The South African mining industry has welcomed the national budget as a tough but necessary one that reinforces President Cyril Ramaphosa’s drive to stabilize the economy and get crucial sectors of the economy back on track.
Presenting his Budget Speech in Parliament, finance minister Malusi Gigaba welcomed the Chamber’s postponement of its court action against a contentious Mining Charter unveiled last year.
Gigaba said Ramaphosa’s intervention to restore dialogue on mining policy raised hope that a solution would be found to unlock growth and transformation in this critical sunrise sector.
He said all stakeholders should be encouraged by Ramaphosa’s intervention and commitment to set the industry on a new path of investment, inclusive growth and transformation.
In a statement, the Chamber welcomed the diagnosis on the difficult state of the mining industry and Gigaba’s reinforcement of the commitment from the president in his State of the Nation address last week to allow parties the space to engage and address the policy and regulatory uncertainty that has afflicted the industry in recent years.
“The Chamber is looking forward to working with all stakeholders including government, organised labour and representatives of mining communities in formulating a social compact that will ensure the future sustainability of the industry and will allow the mining industry to achieve its full economic and transformational potential,” it said.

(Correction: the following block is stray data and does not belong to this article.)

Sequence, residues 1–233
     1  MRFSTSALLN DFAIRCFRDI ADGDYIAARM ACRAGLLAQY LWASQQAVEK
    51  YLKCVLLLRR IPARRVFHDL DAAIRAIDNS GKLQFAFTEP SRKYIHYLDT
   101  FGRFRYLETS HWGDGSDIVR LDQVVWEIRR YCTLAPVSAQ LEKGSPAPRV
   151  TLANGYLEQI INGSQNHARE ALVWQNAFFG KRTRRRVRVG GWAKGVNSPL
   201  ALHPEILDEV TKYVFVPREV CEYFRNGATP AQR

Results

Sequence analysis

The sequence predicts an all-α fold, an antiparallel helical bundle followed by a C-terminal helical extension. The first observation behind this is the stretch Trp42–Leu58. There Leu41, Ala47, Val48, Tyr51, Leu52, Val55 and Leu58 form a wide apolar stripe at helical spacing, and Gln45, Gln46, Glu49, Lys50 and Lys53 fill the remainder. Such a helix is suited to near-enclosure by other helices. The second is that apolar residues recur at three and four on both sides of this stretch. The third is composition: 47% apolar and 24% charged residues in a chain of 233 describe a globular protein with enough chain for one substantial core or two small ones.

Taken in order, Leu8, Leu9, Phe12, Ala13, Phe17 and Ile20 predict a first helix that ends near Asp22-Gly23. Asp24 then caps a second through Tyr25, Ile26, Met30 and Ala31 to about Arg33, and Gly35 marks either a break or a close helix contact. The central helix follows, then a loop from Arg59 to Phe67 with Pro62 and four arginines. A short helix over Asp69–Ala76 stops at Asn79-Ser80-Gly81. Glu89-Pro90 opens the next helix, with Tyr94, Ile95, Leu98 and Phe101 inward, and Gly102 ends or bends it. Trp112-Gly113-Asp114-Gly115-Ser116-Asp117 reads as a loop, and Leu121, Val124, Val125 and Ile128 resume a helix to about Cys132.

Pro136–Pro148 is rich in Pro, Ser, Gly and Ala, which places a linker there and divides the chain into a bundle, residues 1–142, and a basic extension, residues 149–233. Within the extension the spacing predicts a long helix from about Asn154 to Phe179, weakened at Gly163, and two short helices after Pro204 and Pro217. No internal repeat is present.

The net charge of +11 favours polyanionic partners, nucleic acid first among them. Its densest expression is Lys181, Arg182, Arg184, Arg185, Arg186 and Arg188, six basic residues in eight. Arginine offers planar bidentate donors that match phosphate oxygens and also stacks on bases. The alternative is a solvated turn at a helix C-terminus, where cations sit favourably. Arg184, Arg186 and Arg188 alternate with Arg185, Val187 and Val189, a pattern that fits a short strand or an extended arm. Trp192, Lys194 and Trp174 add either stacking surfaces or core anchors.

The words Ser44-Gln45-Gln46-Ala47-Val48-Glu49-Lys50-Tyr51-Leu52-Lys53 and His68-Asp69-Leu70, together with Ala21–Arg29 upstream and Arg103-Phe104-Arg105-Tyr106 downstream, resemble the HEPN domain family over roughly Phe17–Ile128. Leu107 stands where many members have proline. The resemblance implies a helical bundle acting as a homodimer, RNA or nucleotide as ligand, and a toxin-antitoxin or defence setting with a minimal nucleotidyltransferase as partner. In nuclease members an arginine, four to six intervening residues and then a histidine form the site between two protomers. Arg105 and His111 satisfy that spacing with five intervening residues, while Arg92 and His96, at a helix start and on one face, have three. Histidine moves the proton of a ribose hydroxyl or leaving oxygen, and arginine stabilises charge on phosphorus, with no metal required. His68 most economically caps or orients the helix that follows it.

“The budget speech also reinforced President Ramaphosa’s commitments to reviving the state-owned enterprises, whose decline due to poor governance and deep corruption have had serious impacts on the sustainability of the economy in general and our industry in particular.”
The Chamber also agreed that all stakeholders must work together to develop a vision of what good looks like for the mining sector and agree to a social contract which would form the necessary foundation towards reviving and building a growing, vibrant and more transformed South African mining industry.
In his budget speech, Gigaba also announced a one percent increase in the value-added tax (VAT) from 14 percent to 15 percent, the first ever adjustment to VAT since 1993, in a bid to raise R22.9 billion which would replenish the fiscus and reduce the budget deficit.
The Chamber said while the tax policy measures may be painful, government had to make a set of tough choices on fiscal policy to stabilize investment ratings in order to encourage investment going forward.
“In due course government will have to take steps to incentivise higher levels of investment through greater tax competitiveness compared with South Africa’s peers,” it added.